'I am at a loss for words and thank you is surely not enough. It has been such a fight these last four years,' said the Chief. 'This is a huge step. She will be our first ever liaison officer to our LGBTQIA community. Ever.'
Now that is progress in the right direction.
Looking to the past to move forward
While our movement towards full equality as LGBTQ people takes two steps forward and one step back, I can say that there is little more that I am routinely impressed with above the changing attitude (in both directions) towards the police in our city. Full disclosure, aside from my duties at the Seattle Gay News some of you might recognize me more easily if I hold a bull horn in my hand: Like many editors before me at the paper, I double as an activist, and a very public one at that. I can tell you that when I founded Social Outreach Seattle (SOSea) in July of 2012, working with the Seattle Police Department did not seem like anything even remotely possible. The attitude amongst nearly all of my peers, the young adults who would take on the awesome responsibility of helping to pass marriage equality by popular vote (the very green and newly politicized SOSea founding board of directors), and the community elders pretty much all had the same feelings about the cops. Simply put it was classic 'us' and 'them' to the max.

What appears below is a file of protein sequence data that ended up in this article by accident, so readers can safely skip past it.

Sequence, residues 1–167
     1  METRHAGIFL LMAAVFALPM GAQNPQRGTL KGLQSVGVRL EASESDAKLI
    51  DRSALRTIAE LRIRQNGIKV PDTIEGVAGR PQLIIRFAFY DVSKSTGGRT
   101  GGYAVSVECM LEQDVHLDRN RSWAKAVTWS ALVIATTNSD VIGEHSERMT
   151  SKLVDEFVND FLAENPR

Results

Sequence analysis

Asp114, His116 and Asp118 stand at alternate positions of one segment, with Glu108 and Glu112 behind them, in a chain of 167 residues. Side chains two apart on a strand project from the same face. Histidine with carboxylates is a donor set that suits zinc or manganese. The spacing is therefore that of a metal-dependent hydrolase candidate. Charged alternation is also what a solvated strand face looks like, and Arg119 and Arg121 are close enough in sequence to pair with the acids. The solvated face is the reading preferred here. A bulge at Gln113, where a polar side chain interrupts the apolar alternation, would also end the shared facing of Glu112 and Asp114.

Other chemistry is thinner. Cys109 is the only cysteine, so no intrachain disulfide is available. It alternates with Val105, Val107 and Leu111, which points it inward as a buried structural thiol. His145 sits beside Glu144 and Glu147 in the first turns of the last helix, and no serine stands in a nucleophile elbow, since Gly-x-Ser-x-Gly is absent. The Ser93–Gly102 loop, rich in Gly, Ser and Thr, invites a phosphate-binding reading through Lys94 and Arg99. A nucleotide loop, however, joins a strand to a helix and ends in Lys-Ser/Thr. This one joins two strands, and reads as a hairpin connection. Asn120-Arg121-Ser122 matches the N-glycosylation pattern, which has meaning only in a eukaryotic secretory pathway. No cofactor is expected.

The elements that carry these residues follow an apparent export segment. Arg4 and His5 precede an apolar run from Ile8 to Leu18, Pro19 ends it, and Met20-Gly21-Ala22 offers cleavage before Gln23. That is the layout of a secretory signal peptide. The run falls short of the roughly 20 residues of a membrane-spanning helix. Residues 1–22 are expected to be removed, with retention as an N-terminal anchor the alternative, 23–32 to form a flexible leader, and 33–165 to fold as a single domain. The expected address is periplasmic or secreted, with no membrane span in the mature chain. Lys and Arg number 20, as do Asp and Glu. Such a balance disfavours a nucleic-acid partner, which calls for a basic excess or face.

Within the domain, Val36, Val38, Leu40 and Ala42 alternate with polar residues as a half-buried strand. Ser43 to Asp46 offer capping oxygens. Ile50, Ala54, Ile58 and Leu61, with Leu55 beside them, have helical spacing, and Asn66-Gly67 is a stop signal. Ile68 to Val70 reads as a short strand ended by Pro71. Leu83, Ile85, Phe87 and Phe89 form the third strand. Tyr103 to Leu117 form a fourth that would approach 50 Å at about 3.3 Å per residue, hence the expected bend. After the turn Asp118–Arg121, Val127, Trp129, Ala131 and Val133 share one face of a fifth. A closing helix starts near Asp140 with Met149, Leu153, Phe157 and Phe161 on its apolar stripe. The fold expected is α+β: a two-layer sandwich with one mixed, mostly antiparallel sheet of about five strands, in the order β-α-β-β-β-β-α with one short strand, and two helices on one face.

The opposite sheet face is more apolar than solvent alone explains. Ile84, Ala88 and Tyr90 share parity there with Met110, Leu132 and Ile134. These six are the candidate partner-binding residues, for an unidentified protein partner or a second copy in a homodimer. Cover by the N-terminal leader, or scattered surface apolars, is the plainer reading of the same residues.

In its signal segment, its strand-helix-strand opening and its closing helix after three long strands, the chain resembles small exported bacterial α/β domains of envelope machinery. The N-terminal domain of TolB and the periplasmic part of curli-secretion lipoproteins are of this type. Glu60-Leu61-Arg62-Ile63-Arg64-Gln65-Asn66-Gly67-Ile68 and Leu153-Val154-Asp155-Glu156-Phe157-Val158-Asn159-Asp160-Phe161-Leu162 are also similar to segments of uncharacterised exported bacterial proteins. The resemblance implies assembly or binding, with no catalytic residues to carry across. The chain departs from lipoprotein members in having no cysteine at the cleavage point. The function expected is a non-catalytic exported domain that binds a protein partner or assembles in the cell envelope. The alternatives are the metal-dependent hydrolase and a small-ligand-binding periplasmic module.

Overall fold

But then bias or hate crimes started to happen a little more frequently than before. And they were hitting home. In the first six months of running as an organization, five out of the nearly fifteen founding board members (all very different in size, height, fighting ability, ethnicity, etc.) had been attacked. Four out of the five had been called, right from the start of the attack or carjacking (yes, that happened as well) a faggot. Only one did not get the benefit of hearing an anti-Gay epitaph, but it was no consolation prize I assure you because this man, who is literally built like a football player and teaches kindergarten was actually hit from behind and woke up face down in a puddle of rain water without his phone, house keys or wallet. Instead, he was left with a headache and a story. Yet only one out of the five original board members had bothered to make a police report.